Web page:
Since the minute my colleague Yewande Komolafe told me she was working on a cookbook about Nigerian cuisine, I’ve been longing for the day I could read and cook from it, cover to cover. The wait is finally over! “My Everyday Lagos,” an exploration of the richness and diversity of Nigerian food, is out in the world — and it’s out of this world.
If you follow Yewande’s recipes, you know there’s poetry in how she assembles flavors, each ingredient building on the last until the whole dish practically vibrates with deliciousness. Her book is a paean to the food of her childhood, filtered through her present life as a Nigerian in America.
“Food is the lens through which I explore and explain the world, and a return to self,” she writes.
There’s an excerpt in the Food section of The New York Times, accompanied by three recipes. First on my list is her iwuk edesi, one-pot rice with chicken seasoned with dried shrimp, Scotch bonnet chiles and irú — fermented locust beans that add an earthy, miso-like umami shimmer to the dish. (You can easily obtain them online.)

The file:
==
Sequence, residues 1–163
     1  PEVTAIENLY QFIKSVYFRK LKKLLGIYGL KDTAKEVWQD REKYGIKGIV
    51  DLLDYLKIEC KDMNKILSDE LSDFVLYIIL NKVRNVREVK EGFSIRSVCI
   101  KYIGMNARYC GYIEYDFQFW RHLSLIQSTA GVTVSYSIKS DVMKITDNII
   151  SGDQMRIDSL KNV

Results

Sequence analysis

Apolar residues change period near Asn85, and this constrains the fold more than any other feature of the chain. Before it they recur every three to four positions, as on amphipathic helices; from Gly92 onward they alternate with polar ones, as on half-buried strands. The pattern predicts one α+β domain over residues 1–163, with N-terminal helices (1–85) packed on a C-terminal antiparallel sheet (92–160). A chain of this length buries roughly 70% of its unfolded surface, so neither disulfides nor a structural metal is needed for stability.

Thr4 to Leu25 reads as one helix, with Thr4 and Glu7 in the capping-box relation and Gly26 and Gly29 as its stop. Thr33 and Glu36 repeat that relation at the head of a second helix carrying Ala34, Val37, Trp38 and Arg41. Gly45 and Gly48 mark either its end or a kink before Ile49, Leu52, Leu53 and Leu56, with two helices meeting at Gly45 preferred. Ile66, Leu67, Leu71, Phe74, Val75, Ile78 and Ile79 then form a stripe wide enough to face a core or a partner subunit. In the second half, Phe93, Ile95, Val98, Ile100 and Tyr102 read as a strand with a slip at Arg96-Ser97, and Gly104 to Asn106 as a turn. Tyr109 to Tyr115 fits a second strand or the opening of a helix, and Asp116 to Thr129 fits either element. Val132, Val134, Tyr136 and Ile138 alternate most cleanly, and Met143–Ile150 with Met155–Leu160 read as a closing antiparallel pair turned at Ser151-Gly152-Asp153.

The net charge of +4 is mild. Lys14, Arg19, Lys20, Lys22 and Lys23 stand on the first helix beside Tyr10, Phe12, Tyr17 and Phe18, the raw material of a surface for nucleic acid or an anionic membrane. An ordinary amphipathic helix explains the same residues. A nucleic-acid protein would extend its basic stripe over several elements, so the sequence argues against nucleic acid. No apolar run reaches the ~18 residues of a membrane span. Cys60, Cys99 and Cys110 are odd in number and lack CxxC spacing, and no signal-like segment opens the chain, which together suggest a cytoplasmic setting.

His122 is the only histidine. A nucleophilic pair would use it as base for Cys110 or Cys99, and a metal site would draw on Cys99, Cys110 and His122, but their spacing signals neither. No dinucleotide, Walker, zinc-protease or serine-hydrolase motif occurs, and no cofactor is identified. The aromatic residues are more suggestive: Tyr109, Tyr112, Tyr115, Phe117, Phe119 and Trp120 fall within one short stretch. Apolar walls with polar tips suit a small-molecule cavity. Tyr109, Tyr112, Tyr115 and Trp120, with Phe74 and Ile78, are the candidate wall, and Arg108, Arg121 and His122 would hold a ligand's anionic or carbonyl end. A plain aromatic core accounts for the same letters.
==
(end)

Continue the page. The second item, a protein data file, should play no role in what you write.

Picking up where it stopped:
For a speedy vegetarian dinner, you could whip up Yewande’s plantains with tomatoes and jammy eggs. Based on the tomato eggs that are popular in Lagos and across West Africa, it’s a bit like shakshuka, though heartier from the addition of plantains.
On the lighter side, Colu Henry’s brothy chicken soup with hominy and poblano is based on pozole, but it comes together in a mere half-hour. A squeeze of lime at the end and some cilantro and scallions make it especially zingy and fresh. Even speedier are my buttery scallops with lemon and herbs, which are elegant enough to serve to company, achieved in 15 minutes flat.
Brand-new in our line up is Kay Chun’s mushroom galbi, a vegan take on the Korean dish. Instead of thin slices of beef short ribs, this killer recipe stars a mix of mushrooms and green bell peppers bathed in a gingery soy and sesame sauce. Serve it over rice for a meatless take on a classic meal.
Since you have the rice out anyway, why not simmer up a pot of creamy, cinnamon-topped rice pudding for dessert? (Not that I ever need an excuse.) Naz Deravian’s recipe is homey and just sweet enough, and optionally enhanced with golden raisins, egg yolks and butter for a glossy richness. It’s just as good warm as it is chilled, in which case you don’t have to wait to dig in.
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That’s all for now, I’ll be back on Monday.